Michael Gove rewrites definition of extremism after decades-long battle

UK has been facing rising tensions, with Rishi Sunak warning of 'forces here trying to tear us apart'

Police officers separate groups and disperse crowds at a protest against the Israel-Gaza war. Photo: Richard Baker
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For almost two decades, British politician Michael Gove has made it his mission to push for more stringent measures to tackle extremism in the UK.

Now, after Prime Minister Rishi Sunak warned just days ago that the country was being torn apart by rising domestic tensions, Mr Gove will have his chance to change the system when he overhauls the UK's definition of extremism, which has not been altered for more than 10 years.

Prof Ian Acheson, senior adviser at the Counter Extremism Project, was commissioned by Mr Gove seven years ago to look into Islamist extremism in prisons.

"He has always been committed to tackling the threat posed by those who advocate hateful ideas in the high-level posts he has held in government as Secretary of State for Education, Justice and now at the department responsible for communities," Prof Acheson told The National.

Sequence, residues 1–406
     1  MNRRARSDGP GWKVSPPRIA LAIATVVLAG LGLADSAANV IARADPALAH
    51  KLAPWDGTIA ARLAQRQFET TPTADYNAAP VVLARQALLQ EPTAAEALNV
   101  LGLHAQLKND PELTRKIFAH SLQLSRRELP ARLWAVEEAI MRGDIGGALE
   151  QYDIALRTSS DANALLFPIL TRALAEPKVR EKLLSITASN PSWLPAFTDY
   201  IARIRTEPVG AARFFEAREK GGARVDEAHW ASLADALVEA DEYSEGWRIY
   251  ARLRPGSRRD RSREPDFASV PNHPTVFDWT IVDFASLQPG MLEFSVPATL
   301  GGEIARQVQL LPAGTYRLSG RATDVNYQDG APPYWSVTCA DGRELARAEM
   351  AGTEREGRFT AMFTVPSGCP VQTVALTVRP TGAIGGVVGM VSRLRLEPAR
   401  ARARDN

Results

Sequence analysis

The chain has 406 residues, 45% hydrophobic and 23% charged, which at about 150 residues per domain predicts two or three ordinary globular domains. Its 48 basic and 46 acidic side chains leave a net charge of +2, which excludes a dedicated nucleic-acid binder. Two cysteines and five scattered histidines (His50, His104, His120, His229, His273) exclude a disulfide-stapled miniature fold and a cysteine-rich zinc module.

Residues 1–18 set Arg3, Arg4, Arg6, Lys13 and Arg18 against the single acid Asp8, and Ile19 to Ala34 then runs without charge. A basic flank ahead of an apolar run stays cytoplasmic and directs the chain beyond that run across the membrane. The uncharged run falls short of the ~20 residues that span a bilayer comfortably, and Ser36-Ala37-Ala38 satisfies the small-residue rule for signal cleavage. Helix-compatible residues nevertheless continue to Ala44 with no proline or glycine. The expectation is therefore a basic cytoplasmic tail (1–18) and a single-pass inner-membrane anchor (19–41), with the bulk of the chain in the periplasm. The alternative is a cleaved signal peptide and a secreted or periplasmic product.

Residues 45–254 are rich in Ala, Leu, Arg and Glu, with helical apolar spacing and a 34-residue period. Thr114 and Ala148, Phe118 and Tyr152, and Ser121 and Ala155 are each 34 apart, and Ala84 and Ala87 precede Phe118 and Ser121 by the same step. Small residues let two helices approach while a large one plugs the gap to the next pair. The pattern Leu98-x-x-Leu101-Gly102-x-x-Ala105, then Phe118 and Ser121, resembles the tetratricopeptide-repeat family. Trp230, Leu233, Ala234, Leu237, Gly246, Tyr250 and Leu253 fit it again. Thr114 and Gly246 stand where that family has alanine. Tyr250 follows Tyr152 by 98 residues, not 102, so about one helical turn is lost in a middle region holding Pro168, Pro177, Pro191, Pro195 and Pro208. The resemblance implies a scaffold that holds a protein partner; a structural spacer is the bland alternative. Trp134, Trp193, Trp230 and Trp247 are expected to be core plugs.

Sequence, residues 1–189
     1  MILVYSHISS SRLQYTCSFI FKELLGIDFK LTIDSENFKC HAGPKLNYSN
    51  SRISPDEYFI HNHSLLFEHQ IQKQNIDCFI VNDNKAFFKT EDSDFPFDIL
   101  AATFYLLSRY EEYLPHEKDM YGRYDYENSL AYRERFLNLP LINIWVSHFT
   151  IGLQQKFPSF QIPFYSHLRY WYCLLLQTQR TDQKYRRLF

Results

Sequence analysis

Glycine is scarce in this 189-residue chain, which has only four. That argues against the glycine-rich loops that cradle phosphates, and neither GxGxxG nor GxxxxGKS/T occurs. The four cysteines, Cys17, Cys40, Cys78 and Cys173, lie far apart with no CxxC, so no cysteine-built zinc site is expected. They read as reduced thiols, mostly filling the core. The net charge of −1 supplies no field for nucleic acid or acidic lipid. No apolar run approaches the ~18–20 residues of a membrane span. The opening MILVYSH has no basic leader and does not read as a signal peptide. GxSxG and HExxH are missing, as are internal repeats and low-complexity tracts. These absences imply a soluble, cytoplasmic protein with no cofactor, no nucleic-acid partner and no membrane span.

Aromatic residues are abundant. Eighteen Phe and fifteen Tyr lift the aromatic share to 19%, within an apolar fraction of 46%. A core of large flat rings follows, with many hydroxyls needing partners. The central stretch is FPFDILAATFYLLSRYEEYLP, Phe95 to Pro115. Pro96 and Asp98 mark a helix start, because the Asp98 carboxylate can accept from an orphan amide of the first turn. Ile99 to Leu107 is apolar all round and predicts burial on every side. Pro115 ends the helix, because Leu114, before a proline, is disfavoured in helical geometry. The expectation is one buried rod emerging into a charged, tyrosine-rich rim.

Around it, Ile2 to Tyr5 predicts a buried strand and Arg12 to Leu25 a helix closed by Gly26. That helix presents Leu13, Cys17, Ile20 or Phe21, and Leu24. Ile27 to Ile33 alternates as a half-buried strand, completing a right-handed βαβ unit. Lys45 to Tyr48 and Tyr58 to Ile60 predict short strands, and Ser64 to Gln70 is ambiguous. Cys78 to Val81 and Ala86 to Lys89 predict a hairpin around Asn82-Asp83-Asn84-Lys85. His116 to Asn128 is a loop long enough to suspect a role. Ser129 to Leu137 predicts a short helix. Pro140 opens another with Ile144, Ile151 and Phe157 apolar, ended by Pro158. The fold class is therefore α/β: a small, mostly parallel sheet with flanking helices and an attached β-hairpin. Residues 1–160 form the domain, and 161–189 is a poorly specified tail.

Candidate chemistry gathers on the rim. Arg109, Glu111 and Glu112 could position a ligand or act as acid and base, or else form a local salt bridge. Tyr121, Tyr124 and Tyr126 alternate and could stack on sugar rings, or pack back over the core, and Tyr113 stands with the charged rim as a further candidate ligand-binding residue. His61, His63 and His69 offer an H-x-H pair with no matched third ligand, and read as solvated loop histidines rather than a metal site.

"There is an urgent need to strengthen the state’s faltering response to ideologies that can lead to terrorism. It is no surprise to me that after the Hamas atrocity on October 7 and Israel’s response he was tasked by the Prime Minister to re-examine the definitions and policies that guide the government’s response to hateful and harmful discourse across the political and religious spectrum.

"Gove will be expected to come up with a robust yet proportionate approach that balances shutting down extremists polluting our democratic values while preserving legitimate freedom of expression."

Mr Gove first examined issues of extremism in his book Celsius 7/7, which he published after the London 2007 bombings. It looked at the factors that led to the development of large-scale terrorism and how the West failed to stand up for its liberal values.

But it was in 2014 that he had his first brush with radicalisation issues as a politician, when he was Secretary of State for Education during the Trojan Horse scandal, an alleged extremist plot to take over schools.

He ordered emergency inspections of schools in Birmingham over allegations they were being radicalised.

It led to five schools being reprimanded for failing to teach pupils enough about religious diversity, segregating some classes according to gender and discouraging boys and girls from socialising with each other.

'British values'

Back then, he announced an overhaul of the education system and vowed that the government would "put the promotion of British values at the heart of what every school has to deliver for children" and would teach mutual respect and tolerance of those with different faiths and beliefs.